Porton Down became a key centre for chemical warfare research
The Ministry of Defence's announcement that it is to award £3m in compensation to 360 veterans of chemical weapons tests has put the spotlight on the Science and Technology Laboratory at Porton Down, near Salisbury.
1899 Hague Declaration prohibits poison or poisoned arms. Russia and Britain signed, but the US did not. Russia later pulled out.
1914-1918 Chemical weapons, including chlorine, phosgene and mustard agents, are used during World War I, killing more than 90,000.
1916 Building work begins at Porton Down, near Salisbury, to create an experimental base for research into chemical warfare.
1920 Large-scale expansion of the site begins, initially focusing on the effects of mustard gas - experiments in which thousands of volunteers were to participate.
1938 UK government authorises development of offensive chemical warfare research and development as international relations deteriorate.
1940 After the outbreak of war, a secret group is set up at Porton Down to investigate biological warfare.
1945 Thousands of military personnel had taken part in trials at Porton Down during World War II, and as the war ended, volunteers began participating in nerve-agent trials there - a practice that was to continue until 1989.
1953 Leading Aircraftman Ronald Maddison participates in chemical experiments at Porton Down. Within an hour of being given sarin, he is dead. Military chiefs conduct an inquest in secret. Verdict: misadventure.
1956 UK begins running down its stocks of chemical warfare agents as the emphasis switches away from retaliation and back to defence.
1970s-1980s Scientists at Porton investigate the reported use of chemical weapons by Iraq against Iran and its own Kurdish population.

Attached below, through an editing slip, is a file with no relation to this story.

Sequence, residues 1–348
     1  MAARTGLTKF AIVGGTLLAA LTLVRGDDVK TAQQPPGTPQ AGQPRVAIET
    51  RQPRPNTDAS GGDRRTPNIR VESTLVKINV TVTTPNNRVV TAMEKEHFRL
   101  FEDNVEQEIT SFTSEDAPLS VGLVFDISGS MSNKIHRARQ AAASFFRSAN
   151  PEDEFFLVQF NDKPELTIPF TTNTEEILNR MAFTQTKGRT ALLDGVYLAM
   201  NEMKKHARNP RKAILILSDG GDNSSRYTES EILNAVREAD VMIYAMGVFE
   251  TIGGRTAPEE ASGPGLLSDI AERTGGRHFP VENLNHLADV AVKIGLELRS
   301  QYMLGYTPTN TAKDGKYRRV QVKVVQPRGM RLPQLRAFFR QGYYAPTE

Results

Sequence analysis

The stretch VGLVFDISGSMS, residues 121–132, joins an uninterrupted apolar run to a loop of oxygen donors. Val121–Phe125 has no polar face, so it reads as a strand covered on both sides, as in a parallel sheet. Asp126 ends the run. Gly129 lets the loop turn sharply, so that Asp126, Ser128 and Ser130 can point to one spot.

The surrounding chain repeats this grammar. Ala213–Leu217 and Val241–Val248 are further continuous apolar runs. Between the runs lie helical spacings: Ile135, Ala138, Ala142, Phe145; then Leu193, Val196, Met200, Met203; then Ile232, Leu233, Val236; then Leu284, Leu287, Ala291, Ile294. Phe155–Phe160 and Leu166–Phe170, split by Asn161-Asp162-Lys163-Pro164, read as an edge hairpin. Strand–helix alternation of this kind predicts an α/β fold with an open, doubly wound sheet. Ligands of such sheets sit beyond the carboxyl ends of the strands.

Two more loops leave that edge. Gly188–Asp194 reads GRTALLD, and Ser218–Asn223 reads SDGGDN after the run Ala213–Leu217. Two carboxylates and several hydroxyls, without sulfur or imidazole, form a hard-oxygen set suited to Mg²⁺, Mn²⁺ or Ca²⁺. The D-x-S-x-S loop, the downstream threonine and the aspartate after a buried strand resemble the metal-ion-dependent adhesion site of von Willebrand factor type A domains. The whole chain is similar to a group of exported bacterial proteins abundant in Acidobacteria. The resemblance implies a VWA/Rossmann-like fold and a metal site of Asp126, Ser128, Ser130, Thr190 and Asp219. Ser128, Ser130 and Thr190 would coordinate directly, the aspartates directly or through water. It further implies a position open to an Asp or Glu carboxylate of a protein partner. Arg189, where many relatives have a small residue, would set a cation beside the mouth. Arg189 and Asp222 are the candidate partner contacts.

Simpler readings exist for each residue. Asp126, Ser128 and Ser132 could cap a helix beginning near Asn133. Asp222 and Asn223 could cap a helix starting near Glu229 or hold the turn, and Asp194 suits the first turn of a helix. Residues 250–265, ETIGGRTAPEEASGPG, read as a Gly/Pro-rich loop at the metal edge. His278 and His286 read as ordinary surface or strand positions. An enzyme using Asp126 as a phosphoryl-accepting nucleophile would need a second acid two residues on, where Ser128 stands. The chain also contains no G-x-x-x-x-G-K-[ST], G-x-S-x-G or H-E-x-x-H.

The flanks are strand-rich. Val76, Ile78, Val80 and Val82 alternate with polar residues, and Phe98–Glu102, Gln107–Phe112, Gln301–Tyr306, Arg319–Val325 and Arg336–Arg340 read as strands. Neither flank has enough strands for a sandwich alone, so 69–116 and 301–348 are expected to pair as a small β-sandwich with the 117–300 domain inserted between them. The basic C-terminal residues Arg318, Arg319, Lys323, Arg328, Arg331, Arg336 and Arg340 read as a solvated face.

1989 US and Soviet Union reach agreement on destruction and non-production of chemical weapons.
Nerve-agent trials at Porton Down cease.
1995 Sarin used in an attack on the Tokyo underground.
1999 Wiltshire Police begin a four-year investigation into the human experiments at Porton Down following a complaint from veteran Gordon Bell, who was there nearly 50 years earlier.
2001 Government agrees to fund a health study for some Porton Down volunteers and announces a comprehensive survey of the Porton Down Volunteer Programme to investigate how volunteers were treated and what they were told. It promises to publish the findings.
2002 Ministry of Defence (MoD) helpline set up to enable Porton Down veterans to find out more about the trials they were involved in.
Lord Chief Justice, Lord Woolf, quashes 1953 inquest verdict and orders a fresh query.
2003 Crown Prosecution Service decides to take no action following police investigation into the Porton Down trials.
2004 Fresh inquest into the 1953 death of Ronald Maddison returns a verdict of unlawful killing. The MoD launches a legal challenge.
2006 High Court rules in favour of Mr Maddison's family. As part of the settlement, the MoD admits "gross negligence".
17 January 2008 The BBC learns of a £3m out-of-court settlement between the MoD and veterans, under which the ex-servicemen will each receive £8,300 and an apology.
31 January 2008 The Ministry of Defence confirms it is to award £3m in compensation to 360 veterans of the tests without admission of liability. Defence minister Derek Twigg says the government "sincerely apologises to those who may have been affected".